USDA Proposes Changes to SNAP Waiver Criteria

May 8, 2019

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Pader Moua, MPH
Policy Analyst

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In February 2019, the United States Department of Agriculture (USDA) proposed changes to tighten criteria for waivers of time limits related to work requirements in the Supplemental Nutrition Assistance Program (SNAP), a federally funded and state-administered food assistance program for low-income individuals.

Currently, SNAP recipients who qualify as able-bodied adults without dependents, or ABAWDs — nondisabled, not caring for a child or dependent, and between ages 18 and 49 — are limited to three months of benefits within a three-year period,[1] unless they work or participate in a qualifying program for at least 20 hours a week. When the unemployment rate in a state or region is over 10 percent, or if there are not a sufficient number of jobs there, the USDA may grant a statewide or regional waiver of the three-month time limit.

Waivers are generally approved for one year, but the USDA may approve waivers for shorter or longer periods. Common reasons for approval include having a recent 12-month unemployment rate over 10 percent; having a recent three-month unemployment rate above 10 percent; receiving a Labor Surplus Area (LSA) designation from the Department of Labor (DOL); qualifying for extended unemployment benefits; or having a recent 24-month average unemployment rate 20 percent above the national average for the same 24-month period.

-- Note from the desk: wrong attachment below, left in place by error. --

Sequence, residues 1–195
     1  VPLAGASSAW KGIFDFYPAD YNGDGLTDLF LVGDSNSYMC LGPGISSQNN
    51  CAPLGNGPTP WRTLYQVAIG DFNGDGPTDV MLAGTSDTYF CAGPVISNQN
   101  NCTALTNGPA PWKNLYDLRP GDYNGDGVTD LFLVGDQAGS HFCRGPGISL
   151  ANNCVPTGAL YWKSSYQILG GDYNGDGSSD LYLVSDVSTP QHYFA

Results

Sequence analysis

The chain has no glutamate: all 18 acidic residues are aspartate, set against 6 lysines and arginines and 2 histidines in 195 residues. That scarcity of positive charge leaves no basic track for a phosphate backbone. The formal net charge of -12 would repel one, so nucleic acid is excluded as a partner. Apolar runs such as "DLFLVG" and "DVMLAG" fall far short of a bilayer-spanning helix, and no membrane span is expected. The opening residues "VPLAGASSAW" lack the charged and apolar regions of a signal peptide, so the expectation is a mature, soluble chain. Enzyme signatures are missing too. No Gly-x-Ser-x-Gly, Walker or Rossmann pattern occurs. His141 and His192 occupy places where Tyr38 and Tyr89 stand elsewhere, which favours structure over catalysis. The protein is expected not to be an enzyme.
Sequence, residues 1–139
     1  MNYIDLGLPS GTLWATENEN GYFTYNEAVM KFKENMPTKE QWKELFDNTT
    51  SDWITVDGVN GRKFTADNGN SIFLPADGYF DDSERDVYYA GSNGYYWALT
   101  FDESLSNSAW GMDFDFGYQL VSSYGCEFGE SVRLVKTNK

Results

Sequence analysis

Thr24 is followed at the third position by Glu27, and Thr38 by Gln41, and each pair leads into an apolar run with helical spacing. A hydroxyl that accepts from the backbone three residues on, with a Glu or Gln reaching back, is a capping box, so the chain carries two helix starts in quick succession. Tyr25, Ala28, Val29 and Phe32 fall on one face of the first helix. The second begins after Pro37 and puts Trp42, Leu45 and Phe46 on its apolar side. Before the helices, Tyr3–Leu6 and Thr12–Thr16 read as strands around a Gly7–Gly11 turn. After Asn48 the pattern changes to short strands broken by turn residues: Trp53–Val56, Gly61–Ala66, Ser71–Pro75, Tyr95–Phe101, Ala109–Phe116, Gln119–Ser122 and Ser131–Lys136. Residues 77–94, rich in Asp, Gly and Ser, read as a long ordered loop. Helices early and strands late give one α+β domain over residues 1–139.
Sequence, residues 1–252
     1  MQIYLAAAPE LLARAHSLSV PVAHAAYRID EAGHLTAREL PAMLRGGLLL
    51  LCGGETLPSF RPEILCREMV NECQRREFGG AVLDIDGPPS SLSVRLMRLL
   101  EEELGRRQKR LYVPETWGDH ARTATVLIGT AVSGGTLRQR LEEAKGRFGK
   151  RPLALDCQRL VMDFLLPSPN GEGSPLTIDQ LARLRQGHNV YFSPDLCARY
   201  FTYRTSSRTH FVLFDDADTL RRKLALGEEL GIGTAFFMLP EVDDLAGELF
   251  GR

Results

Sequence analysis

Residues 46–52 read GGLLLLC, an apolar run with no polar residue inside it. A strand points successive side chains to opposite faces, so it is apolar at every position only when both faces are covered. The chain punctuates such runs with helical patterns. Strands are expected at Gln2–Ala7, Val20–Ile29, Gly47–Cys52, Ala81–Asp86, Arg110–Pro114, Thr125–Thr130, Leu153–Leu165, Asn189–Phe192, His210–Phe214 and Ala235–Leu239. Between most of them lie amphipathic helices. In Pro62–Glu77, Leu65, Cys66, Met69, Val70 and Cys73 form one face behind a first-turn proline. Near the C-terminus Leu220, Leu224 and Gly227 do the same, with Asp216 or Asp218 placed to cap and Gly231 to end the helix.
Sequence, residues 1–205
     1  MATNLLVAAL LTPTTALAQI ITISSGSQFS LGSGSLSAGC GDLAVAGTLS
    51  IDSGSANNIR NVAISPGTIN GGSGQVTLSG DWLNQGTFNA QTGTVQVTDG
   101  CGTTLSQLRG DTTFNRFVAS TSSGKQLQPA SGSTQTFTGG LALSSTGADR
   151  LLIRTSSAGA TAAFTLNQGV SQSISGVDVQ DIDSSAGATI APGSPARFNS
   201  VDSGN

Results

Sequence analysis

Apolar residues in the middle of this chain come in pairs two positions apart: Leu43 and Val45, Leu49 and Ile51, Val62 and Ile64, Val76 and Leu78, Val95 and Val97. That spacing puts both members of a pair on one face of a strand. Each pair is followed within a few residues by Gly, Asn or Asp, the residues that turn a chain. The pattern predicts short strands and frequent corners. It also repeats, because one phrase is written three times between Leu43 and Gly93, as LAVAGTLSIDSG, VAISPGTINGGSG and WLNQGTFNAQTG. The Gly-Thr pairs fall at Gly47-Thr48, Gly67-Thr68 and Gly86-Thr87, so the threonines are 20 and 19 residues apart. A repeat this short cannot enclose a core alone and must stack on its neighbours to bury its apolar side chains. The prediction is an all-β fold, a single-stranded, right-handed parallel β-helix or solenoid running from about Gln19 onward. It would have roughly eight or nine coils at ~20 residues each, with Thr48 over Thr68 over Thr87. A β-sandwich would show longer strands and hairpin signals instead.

Arkansas previously had a statewide time-limit waiver but did not reapply after the waiver expired in 2016. For fiscal year 2019, the DOL Employment and Training Administration designated five areas in Arkansas as LSAs. These areas include Chicot, Jackson, Mississippi, and Van Buren counties and the city of Pine Bluff.

Under the USDA’s proposed changes, a state that applies for a waiver on the basis of having a recent 24-month average unemployment rate 20 percent above the national average for the same 24-month period would also be required to have an unemployment rate of 7 percent or above.[2] The USDA also proposes eliminating certain criteria, including receiving an LSA designation and having a historical seasonal unemployment rate over 10 percent.[3] According to USDA estimates, the percentage of ABAWDs who do not live in a waiver area and are subject to the three-month time limit would increase from 60 to 90. The USDA also estimates that two-thirds (755,000 individuals in fiscal year 2020) of the ABAWDs newly subject to the three-month time limit would lose their SNAP benefits for not meeting the work requirement.

[1] The three-time limit does not apply to SNAP recipients who are under age 18 or over age 50, are physically or mentally unfit for employment, have a disability, have a dependent under age 18, are pregnant, or are otherwise exempt from work requirements (7 Code of Federal Regulations 273.24(c).
[2] The proposed rules include other changes not discussed here.
[3] Other proposed waiver changes include: requiring the governor to endorse a waiver request, allowing waivers to only be approved for one year or less, prohibiting states from grouping together areas not designated as labor market areas by the DOL, and limiting statewide waivers to only those states that qualify for extended unemployment benefits.
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